It’s called the trial of the century. Pierre Goldman, a Jewish man of Polish origin, was previously convicted of an armed robbery that ended in a double murder. The fiercely intelligent Goldman wrote a book proclaiming his innocence and accused the police of an anti-Semitic conspiracy against him. After public opinion galvanises around him, a new trial is announced and this time, all of France is watching.
Stories of wrongful convictions usually call for a victim who is vulnerable and/or morally inscrutable, so as to maximise both the injustice of their situation and audience sympathy for them. But Goldman is, to put it lightly, a difficult character. Volatile and aggressive, he proudly admits to being a criminal, a thief, and an armed revolutionary. He talks of his past crimes with a warped sense of pride and bullishly cuts down any who oppose his version of events. But he denies the two murders, citing his “moral principles”.
After everything we’ve learned about him, Pierre Goldman should be nobody’s idea of a hero. But when he enters the courtroom, the crowd explodes in an outpouring of support. That’s when we realise that this trial is about much more than one man’s innocence.
In a courtroom, facts and evidence are used to try and find the objective reality of an event. But as witnesses are cross-examined, it becomes clear that finding any kind of objective truth in Goldman’s case will be close to impossible. Even if someone doesn’t seem to be outright lying, their testimonies betray a lingering racism, an anti-Semitism so pervasive that it’s inhaled like air. The more people testify against him, the more Goldman’s insistence of a police conspiracy against him becomes more plausible.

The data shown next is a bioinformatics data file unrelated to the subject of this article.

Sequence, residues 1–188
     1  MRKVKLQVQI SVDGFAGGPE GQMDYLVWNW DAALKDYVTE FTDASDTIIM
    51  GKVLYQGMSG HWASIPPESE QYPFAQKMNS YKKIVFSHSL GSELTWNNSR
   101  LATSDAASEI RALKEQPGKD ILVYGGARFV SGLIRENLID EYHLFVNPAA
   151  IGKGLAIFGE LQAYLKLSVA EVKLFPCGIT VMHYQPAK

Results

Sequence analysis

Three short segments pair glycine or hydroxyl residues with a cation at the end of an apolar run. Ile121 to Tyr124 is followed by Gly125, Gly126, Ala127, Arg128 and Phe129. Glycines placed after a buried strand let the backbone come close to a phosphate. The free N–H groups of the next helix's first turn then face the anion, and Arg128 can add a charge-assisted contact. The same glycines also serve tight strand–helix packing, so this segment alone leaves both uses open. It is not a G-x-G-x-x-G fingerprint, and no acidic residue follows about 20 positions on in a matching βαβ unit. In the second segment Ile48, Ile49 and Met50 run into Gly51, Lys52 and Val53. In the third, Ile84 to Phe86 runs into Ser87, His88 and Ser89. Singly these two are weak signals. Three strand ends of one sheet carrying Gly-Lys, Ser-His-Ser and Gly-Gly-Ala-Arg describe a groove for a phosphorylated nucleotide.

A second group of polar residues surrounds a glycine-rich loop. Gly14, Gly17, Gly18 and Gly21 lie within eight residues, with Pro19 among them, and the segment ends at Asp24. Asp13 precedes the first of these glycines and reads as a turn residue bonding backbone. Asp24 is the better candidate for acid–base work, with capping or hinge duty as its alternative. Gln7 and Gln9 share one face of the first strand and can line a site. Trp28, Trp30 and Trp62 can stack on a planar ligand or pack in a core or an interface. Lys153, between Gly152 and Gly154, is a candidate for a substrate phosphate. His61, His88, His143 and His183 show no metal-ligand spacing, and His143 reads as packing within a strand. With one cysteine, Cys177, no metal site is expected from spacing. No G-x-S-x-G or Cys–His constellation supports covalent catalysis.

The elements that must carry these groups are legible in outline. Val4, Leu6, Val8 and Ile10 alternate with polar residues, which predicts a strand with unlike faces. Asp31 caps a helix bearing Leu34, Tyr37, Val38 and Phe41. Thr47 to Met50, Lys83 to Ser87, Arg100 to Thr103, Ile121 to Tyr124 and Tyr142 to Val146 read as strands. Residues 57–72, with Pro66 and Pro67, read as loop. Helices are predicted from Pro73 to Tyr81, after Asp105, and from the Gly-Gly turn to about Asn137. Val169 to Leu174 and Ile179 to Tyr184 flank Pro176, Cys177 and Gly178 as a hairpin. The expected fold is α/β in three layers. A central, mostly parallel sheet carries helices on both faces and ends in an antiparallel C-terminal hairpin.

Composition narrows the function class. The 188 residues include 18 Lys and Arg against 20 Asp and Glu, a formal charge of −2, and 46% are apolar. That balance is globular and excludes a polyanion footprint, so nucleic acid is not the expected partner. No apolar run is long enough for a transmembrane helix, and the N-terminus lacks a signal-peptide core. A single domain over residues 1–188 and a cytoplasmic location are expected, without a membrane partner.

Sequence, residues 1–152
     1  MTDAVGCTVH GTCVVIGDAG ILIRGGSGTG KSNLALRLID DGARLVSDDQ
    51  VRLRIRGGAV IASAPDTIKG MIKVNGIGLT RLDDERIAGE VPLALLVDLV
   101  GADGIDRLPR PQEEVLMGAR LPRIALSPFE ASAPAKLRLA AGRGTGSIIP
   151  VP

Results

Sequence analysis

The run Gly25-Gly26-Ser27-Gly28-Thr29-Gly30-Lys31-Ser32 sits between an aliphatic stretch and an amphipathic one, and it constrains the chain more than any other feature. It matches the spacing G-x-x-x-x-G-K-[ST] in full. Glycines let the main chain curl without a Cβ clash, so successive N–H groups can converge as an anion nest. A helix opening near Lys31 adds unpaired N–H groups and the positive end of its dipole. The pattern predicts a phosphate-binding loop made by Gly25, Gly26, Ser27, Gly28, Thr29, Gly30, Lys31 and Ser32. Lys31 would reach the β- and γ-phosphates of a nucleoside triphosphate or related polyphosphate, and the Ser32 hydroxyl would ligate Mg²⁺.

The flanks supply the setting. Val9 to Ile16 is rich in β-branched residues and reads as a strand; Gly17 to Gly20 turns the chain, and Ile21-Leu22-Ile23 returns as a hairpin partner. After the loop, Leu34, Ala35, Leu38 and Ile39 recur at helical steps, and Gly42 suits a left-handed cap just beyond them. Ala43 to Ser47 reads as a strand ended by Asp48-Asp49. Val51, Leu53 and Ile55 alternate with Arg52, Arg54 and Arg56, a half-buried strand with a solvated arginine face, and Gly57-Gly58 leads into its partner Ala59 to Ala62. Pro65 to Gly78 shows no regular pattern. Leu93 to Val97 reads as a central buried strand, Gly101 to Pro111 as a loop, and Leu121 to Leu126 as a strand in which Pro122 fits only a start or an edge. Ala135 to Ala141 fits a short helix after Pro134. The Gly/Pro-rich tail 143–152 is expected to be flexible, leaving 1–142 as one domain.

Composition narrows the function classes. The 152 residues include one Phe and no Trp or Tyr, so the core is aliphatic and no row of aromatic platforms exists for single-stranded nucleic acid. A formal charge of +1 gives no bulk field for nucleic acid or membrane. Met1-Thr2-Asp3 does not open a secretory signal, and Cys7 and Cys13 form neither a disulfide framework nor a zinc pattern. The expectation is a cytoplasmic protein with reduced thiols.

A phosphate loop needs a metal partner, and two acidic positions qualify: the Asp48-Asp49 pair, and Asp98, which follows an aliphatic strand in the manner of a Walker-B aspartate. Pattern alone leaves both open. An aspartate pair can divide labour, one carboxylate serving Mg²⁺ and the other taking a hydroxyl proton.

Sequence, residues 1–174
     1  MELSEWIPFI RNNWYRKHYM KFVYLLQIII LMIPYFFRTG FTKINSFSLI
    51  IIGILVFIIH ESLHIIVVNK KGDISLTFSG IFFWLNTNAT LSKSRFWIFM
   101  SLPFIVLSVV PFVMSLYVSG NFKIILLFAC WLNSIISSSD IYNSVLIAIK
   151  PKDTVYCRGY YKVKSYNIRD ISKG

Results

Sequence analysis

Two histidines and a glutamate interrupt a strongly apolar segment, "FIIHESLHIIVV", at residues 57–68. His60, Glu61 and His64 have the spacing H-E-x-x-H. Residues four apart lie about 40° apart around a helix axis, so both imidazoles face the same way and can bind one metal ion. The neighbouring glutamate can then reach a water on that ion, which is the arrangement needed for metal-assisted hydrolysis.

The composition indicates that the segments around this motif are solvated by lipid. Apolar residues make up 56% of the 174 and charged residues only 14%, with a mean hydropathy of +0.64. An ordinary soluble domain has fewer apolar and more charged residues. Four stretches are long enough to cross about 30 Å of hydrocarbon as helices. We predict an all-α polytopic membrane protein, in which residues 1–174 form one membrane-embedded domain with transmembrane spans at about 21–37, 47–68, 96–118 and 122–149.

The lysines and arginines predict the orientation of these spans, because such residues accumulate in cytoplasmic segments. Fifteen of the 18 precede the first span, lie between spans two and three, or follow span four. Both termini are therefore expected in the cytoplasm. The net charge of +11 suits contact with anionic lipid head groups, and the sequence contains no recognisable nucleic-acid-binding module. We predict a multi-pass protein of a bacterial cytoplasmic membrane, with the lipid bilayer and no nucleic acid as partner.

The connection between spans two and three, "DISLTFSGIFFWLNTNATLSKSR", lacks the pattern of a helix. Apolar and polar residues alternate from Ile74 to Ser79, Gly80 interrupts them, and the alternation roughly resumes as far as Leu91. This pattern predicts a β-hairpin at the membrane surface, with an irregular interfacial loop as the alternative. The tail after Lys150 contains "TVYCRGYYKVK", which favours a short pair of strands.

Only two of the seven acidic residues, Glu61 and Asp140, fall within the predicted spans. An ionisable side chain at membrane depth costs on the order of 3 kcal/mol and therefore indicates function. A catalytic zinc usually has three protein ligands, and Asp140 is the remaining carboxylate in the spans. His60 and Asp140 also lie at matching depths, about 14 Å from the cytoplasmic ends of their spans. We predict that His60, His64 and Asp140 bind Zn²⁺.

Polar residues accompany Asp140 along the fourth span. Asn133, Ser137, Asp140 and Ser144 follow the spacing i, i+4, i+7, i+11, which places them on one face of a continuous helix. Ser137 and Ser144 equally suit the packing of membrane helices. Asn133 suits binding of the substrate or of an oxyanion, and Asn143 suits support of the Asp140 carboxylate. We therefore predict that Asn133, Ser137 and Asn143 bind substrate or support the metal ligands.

The Goldman Case is shot in a documentary style, convincingly recreating the look and feel of a 1970’s televised courtroom. Its visual style is defined not by what it adds but by what it takes away. There is no music, no cinematic flourish to the camerawork, no showy performances by actors swinging for the fences. That’s not to say there’s no emotion involved; this is an emotive issue. Fiery outbursts come not just from the belligerent Goldman himself but from the prosecutors, defence lawyers, witnesses, judges, even those in the public gallery. Everyone is angry, everyone fights for their own version of the truth. Here we have an entire society squeezed into a courtroom.
Goldman decries the court’s focus on his past and his character, but there is something undeniably fascinating about him. We become the fly on the courtroom wall, our opinion of Goldman metamorphosing with each new piece of information revealed, weighing up all the biases, the agendas and the vested interests at play, trying to reach something close to the truth.
When a period film wants to be relevant to modern audiences, the usual approach is to borrow the trappings of contemporary films, resulting in a weird mishmash of old setting and new sensibilities. The Goldman Case succeeds by doing the opposite, authentically immersing us in this 1970s courtroom to the extent that it doesn’t feel as if we’ve been transported back 50 years. Can we say that something like this would never happen today? Has that much really changed?